Oil revenues continue to pour into Norway but government officials won’t use them to build all the new schools, roads or railways the country needs. Instead, Finance Minister Sigbjørn Johnsen defends investing the money outside Norway through the country’s so-called Oil Fund, instead of at home.
Calls continue to rise for Norway to invest more of its oil wealth in its own public infrastructure and public services. Many can’t understand why residents of Norway, as a nation made wealthy by its oil, must continue to tolerate, for example, inadequate highway systems, roads full of potholes, old schools with poor indoor ventilation and a train system that’s still plagued by delays and breakdowns. Only the Progress Party, Norway’s most conservative, has urged using more of the oil money at home instead of investing it overseas.
In a lengthy interview with newspaper Aftenposten this week, Johnsen patiently tried to explain once again why it’s more important for Norway to stash away its oil wealth and save it for future generations, than it is to spend more of it on today’s perceived needs.
“The population is aging and the number of people over age 67 will double during the next 10 years,” Johnsen said. “Even after pension reform, a larger portion of the money we generate must go to pensions and care for the elderly.”
That’s why it’s so important, he said, to set aside the oil revenues and invest them for future generations, to avoid having to heavily tax those in the workforce 10 years from now and beyond.
But why not invest the money in Norway, instead of investing it in overseas stock markets and, most recently, real estate in London? Investing is, after all, not the same as simply spending, argue some.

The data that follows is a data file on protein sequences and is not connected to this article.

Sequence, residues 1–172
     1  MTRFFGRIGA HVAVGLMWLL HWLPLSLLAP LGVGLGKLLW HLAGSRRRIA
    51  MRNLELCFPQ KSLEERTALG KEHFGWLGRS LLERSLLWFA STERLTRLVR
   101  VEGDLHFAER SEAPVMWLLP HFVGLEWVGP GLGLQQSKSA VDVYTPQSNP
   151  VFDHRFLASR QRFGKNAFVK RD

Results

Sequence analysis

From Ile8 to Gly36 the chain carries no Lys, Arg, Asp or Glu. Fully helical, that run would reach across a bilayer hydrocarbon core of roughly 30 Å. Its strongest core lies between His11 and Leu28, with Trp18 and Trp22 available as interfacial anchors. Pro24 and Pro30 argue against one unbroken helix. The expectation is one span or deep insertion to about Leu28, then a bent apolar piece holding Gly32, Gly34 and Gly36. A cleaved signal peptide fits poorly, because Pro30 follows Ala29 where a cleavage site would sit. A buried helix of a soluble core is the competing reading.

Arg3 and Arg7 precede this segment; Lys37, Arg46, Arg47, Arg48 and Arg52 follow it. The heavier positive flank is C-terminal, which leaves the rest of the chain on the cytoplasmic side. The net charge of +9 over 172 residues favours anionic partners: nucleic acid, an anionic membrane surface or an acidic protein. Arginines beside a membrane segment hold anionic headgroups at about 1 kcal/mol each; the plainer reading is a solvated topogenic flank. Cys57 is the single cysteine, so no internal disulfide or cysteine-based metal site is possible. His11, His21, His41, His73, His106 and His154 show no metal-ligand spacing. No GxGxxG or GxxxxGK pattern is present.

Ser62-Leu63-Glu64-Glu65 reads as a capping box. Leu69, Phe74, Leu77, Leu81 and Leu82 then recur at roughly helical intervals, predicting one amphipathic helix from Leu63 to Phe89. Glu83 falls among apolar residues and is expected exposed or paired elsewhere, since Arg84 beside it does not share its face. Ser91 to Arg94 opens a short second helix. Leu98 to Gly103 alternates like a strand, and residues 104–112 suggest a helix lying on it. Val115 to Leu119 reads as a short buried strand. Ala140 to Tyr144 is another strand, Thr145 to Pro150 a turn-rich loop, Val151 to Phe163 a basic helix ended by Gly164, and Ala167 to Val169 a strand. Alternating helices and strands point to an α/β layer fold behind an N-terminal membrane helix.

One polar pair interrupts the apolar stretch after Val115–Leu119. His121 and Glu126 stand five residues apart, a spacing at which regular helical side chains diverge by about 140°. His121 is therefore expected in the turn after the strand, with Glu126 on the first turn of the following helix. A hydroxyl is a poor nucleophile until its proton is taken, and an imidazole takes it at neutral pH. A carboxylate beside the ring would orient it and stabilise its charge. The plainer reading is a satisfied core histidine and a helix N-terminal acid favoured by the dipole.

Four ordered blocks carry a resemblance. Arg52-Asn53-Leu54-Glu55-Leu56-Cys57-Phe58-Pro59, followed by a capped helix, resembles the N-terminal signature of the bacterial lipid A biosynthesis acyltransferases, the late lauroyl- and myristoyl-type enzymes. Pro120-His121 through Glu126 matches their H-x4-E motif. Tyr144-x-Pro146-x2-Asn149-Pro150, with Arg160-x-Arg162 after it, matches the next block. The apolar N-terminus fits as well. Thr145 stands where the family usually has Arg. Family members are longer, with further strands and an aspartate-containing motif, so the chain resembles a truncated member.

Johnsen insists that much of the oil money is being spent at home, citing for example an increase of NOK 100 billion (nearly USD 20 billion) earmarked to fund a new National Transport Plan meant to improve roads and rail systems. But the amount used is, with some exceptions during the finance crisis, limited to 4 percent of the size of the oil fund. Using any more can set off inflation, experts fear.
“We have garnered international praise for how we have managed our oil income,” Johnsen stressed. “Experience from the finance crisis shows how important it is to maintain order in our own home.”
Johnsen claimed that Norway is using more of its oil revenues than most people realize. “It becomes a question of how we shall use money over the state budget, what we shall prioritize,” Johnsen said.
Norway struck oil in the North Sea in 1969, and by 1974, political discussions were underway to save much of the money for future generations. The State Petroleum Fund, as it was first called, was set up in 1990 and now amounts to more than NOK 3,000 billion, making it the second-largest sovereign wealth fund in the world.